“The PAS in rural America project will bring together a diverse team of service providers and consumers to document the state of personal assistance services in rural places. We will also explore the experiences of both people with disabilities and their PAS workers within different policy and budget contexts,” said Dr. Rayna Sage, project director. “The knowledge gained during these phases will be used to modify and evaluate the effectiveness of existing training for PAS workers.”
Rural Transportation Options
This project will assess accessible transportation options in rural communities, which can then be used to inform policy and service delivery decision-making. “We know that transportation is critical to connecting rural folks to local resources. We also know that there are lots of different models across the nation that rural organizations and individuals are using to make sure people are able to get where they need to go. However, we are less sure about what these different models look like, who uses them, how they work, and their effectiveness. Our goal in this project is to begin to build a knowledge base about these different models to share with our partners,” said Andrew Myers, project director.
The Rural Self-Employment project includes two research studies focused on assessing and adapting RTC:Rural’s Vocational Rehabilitation Self-Employment Guide. For one study, RTC:Rural will partner with tribal vocational rehabilitation agencies to create a tribal adaptation of the multi-media website materials created to help people with disabilities and Vocational Rehabilitation (VR) counselors understand the self-employment process. “If we want the VR Self-Employment Guide to be relevant for people with disabilities in the tribal VR system, we need to make sure it’s translated into the appropriate cultural context,” said Lauren Smith, Knowledge Translation Associate. “When a resource reflects your own culture, values, and needs, it’s more relevant than something that’s ‘one-size-fits-all.’”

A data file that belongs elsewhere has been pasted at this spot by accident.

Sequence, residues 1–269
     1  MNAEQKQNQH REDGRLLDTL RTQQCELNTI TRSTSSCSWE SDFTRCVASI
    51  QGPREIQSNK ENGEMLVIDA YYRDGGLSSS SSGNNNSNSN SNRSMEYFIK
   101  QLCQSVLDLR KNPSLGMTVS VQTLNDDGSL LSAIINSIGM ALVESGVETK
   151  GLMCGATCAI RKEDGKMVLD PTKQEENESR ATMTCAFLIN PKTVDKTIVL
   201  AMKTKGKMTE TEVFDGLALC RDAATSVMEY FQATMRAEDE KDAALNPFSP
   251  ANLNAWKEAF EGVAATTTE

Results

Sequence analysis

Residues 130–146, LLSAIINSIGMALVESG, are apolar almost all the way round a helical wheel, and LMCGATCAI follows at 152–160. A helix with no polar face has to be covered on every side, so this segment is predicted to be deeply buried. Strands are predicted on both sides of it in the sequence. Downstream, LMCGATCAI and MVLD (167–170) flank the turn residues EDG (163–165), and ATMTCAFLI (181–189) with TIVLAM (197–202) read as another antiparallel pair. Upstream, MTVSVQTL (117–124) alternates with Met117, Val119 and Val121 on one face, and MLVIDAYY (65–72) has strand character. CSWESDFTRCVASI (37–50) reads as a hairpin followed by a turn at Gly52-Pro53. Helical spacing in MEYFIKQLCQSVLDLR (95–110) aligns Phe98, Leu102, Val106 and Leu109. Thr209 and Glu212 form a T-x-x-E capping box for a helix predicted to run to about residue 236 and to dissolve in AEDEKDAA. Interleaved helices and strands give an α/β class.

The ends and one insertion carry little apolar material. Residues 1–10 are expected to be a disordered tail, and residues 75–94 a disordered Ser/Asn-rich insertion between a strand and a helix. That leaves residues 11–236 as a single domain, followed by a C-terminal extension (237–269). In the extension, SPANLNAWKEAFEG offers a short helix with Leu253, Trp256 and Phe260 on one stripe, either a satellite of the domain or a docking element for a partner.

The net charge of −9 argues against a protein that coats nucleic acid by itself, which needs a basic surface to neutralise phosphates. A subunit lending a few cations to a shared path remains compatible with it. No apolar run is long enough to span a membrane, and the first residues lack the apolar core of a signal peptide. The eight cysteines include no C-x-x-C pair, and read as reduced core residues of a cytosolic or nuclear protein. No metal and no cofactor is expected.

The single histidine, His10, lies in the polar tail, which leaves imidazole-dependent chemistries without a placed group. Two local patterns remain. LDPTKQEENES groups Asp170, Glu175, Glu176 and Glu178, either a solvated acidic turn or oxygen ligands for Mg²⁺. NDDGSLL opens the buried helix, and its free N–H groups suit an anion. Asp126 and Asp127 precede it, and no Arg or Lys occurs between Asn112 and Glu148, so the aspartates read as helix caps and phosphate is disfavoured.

Expanding the Availability and Quality of Rural Data
RTC:Rural will partner with the Disability Statistics and Demographics Rehabilitation and Research Training Center (StatsRRTC) and the Collaborative on Health Reform and Independent Living (CHRIL) to conduct rural analyses of existing large data sets, including the American Community Survey, the Current Population Survey, the Behavioral Risk Factor Surveillance System, and the Survey on Health Reform and Disability. These data will help describe the experiences of rural people with disabilities, and can be used to inform advocates, service providers, researchers and policymakers about emerging trends, hypotheses and policy impacts.